Change Management — People Don’t Just Hate Change

by Krishna on April 5, 2006

There is a very common management perception that some people just hate change. It seems that those people are very comfortable with the status quo and hence they don’t want to change. Those who say this basically absolve themselves of the responsibility of finding out why there is opposition to change and potentially put the execution of the change at risk.

The truth is that, if you talk with any person working in any organization, you will discover THEIR ideas for change for the organization. They will tell you how HR should operate, how their managers should behave, what their CEO is lacking. Most people do want the status quo to change for the better.

To give another example, consider what would happen if it is announced that the work week will be reduced to 4 days without any change in salary or benefits. That is a change. There would be hardly a person disagreeing with that change. So if people are disagreeing with a proposed change, there should be something about the change itself that makes people oppose it.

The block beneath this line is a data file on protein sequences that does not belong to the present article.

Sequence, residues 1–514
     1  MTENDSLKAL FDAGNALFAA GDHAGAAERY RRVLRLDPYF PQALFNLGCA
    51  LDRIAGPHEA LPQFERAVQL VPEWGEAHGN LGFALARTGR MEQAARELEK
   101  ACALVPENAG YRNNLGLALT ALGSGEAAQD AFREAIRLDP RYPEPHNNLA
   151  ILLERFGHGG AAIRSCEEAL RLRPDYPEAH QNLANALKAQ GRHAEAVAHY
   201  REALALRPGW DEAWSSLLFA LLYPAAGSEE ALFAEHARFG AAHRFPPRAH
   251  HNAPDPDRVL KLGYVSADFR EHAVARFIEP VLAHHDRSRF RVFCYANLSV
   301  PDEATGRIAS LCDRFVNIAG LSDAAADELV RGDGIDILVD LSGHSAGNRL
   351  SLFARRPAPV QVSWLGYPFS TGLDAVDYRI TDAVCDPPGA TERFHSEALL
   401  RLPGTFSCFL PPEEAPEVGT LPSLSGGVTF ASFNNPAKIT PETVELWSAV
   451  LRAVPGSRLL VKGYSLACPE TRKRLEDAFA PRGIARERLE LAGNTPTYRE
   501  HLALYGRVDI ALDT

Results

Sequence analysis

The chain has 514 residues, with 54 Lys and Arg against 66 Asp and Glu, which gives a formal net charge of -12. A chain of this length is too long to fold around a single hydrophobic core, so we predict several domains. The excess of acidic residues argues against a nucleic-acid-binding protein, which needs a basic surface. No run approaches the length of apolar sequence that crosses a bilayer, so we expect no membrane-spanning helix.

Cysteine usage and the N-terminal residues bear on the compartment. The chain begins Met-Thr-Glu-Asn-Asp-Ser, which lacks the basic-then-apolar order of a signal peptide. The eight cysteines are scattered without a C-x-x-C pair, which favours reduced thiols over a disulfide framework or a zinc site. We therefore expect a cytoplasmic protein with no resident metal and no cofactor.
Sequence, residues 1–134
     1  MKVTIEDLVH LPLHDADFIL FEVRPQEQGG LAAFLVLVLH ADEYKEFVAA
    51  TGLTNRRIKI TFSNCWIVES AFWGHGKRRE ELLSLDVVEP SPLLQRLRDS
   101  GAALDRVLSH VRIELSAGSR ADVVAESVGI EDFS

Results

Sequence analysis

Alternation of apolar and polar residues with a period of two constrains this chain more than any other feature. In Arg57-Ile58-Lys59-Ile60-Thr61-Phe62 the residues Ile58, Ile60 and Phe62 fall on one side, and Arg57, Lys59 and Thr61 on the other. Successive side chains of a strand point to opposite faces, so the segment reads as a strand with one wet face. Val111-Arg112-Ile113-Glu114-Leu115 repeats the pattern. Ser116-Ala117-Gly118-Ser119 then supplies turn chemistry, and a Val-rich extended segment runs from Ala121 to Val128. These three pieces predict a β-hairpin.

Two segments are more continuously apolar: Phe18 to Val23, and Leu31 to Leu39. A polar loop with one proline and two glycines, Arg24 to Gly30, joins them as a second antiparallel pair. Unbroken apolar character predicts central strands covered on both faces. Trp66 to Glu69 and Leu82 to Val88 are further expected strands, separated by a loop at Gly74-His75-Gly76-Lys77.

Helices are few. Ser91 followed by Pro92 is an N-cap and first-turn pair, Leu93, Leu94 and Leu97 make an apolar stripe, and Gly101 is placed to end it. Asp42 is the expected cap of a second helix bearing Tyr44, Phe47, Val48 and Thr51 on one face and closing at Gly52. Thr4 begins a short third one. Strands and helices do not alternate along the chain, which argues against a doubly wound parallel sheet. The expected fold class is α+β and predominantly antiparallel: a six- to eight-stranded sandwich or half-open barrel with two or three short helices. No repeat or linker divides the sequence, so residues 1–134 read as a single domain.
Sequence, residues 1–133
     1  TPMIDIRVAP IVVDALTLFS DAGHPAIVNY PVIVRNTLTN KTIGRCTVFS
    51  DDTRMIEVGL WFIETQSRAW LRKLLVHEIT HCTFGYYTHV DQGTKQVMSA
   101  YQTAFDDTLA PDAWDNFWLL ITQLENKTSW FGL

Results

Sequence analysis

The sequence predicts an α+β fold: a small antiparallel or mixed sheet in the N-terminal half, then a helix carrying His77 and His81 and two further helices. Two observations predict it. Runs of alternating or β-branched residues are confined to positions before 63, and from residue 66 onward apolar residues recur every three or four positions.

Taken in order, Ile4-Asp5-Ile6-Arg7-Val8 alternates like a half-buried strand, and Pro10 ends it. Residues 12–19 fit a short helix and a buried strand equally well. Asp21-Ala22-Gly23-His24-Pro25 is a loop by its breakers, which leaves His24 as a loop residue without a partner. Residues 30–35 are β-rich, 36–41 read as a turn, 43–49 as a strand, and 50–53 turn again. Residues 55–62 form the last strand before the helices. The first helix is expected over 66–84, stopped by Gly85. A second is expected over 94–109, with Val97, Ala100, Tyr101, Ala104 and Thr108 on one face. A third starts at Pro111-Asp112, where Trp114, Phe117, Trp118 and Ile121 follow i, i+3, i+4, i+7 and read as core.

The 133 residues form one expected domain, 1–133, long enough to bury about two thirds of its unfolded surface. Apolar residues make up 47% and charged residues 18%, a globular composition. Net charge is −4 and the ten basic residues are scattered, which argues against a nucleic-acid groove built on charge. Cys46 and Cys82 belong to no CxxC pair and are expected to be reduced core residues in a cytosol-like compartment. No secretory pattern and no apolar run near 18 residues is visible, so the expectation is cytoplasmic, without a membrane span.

I think if each of us looks at our own professional lives, we would see that we have opposed suggestions and ideas from our managers. New bureaucratic procedures are usually something that most people (including me) have continuously opposed. Why? Because we “hate change” or “are afraid of change”? Not at all. It is because we think those new policies are bad or waste time and don’t bring any benefit.

So next time, we judge someone for opposing our suggestion, we should walk in their shoes for a while and figure out exactly what may be causing this opposition. We may find many questions from them, perhaps suggestions for improvements. Always people have a reason — you just have to find out why!

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